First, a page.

It was a bittersweet period for us. We finally had a diagnosis, but by the time we received it, Gabe’s lower back, his hips, both of his ankles, and both of his knees were affected, and that waddling gait was more pronounced than ever.

Most troubling of all, Gabe’s personality had changed. Chronic pain had taken its toll, making him lethargic, irritable, and depressed. His school work, his relationships, and the rest of his health suffered. He was plagued with unexplained weight loss, poor muscle mass, and decreased concentration.

The one bright spot besides receiving his diagnosis was the arrival of summer–the heat was a balm to his pain. Nothing eased his symptoms more than hours spent outside. On the days when he could work in the yard or sit on the deck with the sun warming his skin, he was almost like his old self—fun, busy, and happy.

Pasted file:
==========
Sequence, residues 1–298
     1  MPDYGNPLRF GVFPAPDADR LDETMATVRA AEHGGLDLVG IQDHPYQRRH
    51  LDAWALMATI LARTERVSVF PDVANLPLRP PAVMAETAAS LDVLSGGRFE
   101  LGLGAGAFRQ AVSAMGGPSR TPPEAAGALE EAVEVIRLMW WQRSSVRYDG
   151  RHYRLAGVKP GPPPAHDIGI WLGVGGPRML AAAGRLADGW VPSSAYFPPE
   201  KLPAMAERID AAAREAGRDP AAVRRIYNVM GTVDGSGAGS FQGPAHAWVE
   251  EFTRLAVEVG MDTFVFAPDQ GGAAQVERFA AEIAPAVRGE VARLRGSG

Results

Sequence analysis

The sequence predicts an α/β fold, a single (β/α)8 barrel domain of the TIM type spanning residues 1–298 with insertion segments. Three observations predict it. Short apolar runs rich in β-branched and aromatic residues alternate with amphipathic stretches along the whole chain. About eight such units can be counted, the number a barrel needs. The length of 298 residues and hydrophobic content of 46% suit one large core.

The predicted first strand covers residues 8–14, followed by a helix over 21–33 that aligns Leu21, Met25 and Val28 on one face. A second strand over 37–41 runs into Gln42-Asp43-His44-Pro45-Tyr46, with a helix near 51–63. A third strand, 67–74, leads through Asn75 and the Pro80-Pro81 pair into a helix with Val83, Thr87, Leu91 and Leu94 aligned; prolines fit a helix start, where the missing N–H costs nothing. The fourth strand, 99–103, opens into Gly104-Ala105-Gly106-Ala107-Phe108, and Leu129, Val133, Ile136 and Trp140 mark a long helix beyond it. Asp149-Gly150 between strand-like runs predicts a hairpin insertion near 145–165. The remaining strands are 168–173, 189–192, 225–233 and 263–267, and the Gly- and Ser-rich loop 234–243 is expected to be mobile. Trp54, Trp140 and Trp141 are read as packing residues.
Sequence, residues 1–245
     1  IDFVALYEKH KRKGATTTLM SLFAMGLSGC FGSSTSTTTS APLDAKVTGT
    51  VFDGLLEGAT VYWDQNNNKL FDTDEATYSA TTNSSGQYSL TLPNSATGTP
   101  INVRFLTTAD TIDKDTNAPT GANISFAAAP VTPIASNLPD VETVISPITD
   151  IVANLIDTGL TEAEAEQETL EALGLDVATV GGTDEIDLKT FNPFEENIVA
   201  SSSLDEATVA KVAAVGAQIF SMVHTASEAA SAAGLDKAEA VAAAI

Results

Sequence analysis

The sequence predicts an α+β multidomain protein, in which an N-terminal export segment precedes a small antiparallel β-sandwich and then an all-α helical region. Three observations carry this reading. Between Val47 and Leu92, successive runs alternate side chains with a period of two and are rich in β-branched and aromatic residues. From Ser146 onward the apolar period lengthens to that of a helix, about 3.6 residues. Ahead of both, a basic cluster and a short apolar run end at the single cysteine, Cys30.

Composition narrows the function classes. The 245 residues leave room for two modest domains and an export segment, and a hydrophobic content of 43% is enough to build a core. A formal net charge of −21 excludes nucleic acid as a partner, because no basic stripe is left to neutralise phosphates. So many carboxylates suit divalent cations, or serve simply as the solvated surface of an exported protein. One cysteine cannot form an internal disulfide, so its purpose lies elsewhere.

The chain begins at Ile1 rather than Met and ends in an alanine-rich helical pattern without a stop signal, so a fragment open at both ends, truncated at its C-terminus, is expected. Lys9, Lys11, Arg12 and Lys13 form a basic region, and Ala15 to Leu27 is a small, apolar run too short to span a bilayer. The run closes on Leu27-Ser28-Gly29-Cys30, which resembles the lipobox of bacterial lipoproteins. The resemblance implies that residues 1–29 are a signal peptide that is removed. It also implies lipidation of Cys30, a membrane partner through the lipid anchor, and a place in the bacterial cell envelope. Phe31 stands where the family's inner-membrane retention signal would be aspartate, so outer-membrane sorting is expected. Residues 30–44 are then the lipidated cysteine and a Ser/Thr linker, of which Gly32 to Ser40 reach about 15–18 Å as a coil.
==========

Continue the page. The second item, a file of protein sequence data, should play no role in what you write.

The Spondyloarthritis Treatment

The Rheumatologist tried multiple prescription medicines. She started with Nonsteroidal Anti-inflammatory drugs (NSAIDs) like Naproxen, Tolmetin, and Celebrex. None of them slowed down the progress of his disease. She ordered Corticosteroid injections for his right knee and ankle, draining the fluid first and then injecting the cortisone. Not only were they ineffective, but they caused Gabe so much pain he developed a fear of needles that continues to this day.

As summer cooled into fall, Gabe’s disease was like a speeding train headed downhill without any breaks. His feet began to swell, and almost overnight, his pain increased so much that the doctor prescribed a narcotic. An MRI revealed an abundance of fluid in the small bones and joints of his feet. The technician told me his feet “lit up like Christmas trees.”

Fall froze into winter, and we moved up another stage in Gabe’s treatment: Disease–modifying Antirheumatic drugs (DMARDs). First Sulfasalazine which dragged him into a deep depression. Then Methotrexate, a drug used to treat some forms of cancer. Due to its extensive list of possible side effects, I had to sign a release form to show I understood the risks. My hand shook.